Brownies get all the glory but it is time for their slightly lighter cousin blondies to get their day in the sun.
Luckily we have a recipe that will make you forget all about brownies. Claire Ptak from the Violet Bakery in London has a new cookbook out (the aptly name Violet Bakery Cookbook) and she shares her recipe in the video above and in the text below!
Violet Butterscotch Blondies
Makes 12 blondies
250g (1 cup plus 1 tablespoon) unsalted butter, plus more for greasing the pan
300g (1¾ cups) light brown sugar
1½ teaspoons vanilla extract
240g (1¾ cups) all-purpose flour
1¼ teaspoons baking powder
1¼ teaspoons kosher salt
125g (4½ ounces) milk chocolate, broken into small pieces
75g (2½ ounces) caramel shards (page 238)
Preheat the oven to 160°C/320°F (140°C/285°F convection). Butter a 30 by 20-cm (12 by 8-inch) baking pan and line with parchment paper.
Gently melt the butter in a small, heavy-bottomed pan and set aside to cool slightly.
In a large bowl, whisk together the eggs, sugar, and vanilla until frothy,then whisk in the melted butter.
In a separate bowl, whisk together the flour, baking powder, and salt, and add to the egg and butter mixture along with the milk chocolate pieces. Mix until just combined.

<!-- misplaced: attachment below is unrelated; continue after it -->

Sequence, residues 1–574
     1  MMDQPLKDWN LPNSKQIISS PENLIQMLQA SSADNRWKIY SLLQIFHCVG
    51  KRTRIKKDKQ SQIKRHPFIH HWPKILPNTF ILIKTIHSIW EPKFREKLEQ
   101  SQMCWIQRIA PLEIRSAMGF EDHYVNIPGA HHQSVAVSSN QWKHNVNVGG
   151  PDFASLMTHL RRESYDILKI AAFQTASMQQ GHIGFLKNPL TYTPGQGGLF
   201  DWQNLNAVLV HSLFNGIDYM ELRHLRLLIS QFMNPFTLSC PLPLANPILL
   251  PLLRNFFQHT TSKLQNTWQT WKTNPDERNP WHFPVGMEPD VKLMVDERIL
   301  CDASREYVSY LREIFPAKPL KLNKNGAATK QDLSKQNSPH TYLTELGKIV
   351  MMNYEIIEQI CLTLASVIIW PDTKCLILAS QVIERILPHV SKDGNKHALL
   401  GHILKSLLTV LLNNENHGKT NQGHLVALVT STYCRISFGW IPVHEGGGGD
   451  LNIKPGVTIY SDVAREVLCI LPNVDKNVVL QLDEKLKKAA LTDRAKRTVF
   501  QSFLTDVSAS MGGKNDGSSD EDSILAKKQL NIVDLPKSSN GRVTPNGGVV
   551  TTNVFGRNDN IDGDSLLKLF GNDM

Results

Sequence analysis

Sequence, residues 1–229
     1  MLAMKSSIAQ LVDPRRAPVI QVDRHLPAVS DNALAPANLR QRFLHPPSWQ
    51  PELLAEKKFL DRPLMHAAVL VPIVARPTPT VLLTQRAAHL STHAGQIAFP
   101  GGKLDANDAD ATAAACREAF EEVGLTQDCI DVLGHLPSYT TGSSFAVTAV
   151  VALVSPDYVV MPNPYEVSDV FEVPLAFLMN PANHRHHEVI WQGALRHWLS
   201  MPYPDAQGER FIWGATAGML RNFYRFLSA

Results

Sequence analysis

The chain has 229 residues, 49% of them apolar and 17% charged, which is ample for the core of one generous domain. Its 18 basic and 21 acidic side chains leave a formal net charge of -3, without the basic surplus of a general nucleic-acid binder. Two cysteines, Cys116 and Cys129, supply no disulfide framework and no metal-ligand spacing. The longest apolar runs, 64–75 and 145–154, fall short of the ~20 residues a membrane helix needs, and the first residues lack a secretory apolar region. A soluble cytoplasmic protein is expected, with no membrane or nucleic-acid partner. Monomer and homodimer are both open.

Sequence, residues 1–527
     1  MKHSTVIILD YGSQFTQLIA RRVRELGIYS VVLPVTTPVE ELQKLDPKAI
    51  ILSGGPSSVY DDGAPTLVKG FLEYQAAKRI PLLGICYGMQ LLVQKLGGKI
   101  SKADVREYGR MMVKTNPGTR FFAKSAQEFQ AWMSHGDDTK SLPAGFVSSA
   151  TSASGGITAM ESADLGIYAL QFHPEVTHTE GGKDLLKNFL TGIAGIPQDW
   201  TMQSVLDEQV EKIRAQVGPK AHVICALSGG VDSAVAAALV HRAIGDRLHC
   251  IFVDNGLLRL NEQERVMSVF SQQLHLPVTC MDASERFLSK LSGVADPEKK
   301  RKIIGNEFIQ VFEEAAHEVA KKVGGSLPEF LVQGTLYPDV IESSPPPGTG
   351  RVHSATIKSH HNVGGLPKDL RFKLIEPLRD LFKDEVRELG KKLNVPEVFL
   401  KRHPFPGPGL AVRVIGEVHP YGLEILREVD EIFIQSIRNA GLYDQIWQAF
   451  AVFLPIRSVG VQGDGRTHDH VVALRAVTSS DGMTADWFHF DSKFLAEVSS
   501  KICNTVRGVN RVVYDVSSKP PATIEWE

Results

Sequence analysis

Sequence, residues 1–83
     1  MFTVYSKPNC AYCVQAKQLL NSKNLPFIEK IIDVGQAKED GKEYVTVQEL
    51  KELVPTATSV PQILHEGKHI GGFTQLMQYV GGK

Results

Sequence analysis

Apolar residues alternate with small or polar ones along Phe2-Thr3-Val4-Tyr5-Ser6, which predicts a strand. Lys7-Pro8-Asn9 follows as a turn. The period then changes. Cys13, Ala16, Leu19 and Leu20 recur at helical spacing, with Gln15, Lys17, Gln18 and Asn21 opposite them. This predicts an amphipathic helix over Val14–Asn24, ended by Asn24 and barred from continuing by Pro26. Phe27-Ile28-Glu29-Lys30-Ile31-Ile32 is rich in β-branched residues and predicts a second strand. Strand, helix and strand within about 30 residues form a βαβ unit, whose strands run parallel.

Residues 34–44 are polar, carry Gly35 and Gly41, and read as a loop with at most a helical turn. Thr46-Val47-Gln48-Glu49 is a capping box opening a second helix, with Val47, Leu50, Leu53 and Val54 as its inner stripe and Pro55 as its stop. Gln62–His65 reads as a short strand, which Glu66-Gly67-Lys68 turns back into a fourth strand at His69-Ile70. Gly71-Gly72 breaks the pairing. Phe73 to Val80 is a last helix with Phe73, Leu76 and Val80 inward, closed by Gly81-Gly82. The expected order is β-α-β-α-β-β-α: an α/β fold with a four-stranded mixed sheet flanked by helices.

Pour the mixture into your prepared baking pan and smooth the top with an icing spatula or rubber spatula. Sprinkle the caramel shards over the top and bake for 30 minutes. The center should be puffed and set but still a little gooey.
Leave to cool completely in the pan, then cut into 12 thick but smallish pieces. These keep well for up to 3 days in an airtight container.
We use these shards in our Butterscotch Blondies (page 143,) but you could add them to almost any cake, cookie, or bar and, of course, they would be awesome in brownies. Any leftovers can be kept in a plastic container in the freezer for up to three months.
Makes enough for 24 blondies
2 tablespoons water
150g (¾ cup) sugar
Have a sheet of parchment paper ready on a heatproof surface. Measure the 2 tablespoons of water into a heavy-bottomed pan. Cover with the sugar and place over medium-low heat until the sugar starts to dissolve. Resist the temptation to stir the pan, as this can cause crystallization. Once the sugar starts to dissolve, turn up the heat to medium-high until the sugar is a dark golden brown.
Pour the caramel onto the parchment paper in a thin and even layer. Leave to cool, then use a sharp knife to chop into smallish shards. Be careful, as the caramel can be quite hard.
Use right away or store in a plastic bag or sealed container in the freezer. Do not store it in the fridge or it will soften, melt together, and become tacky.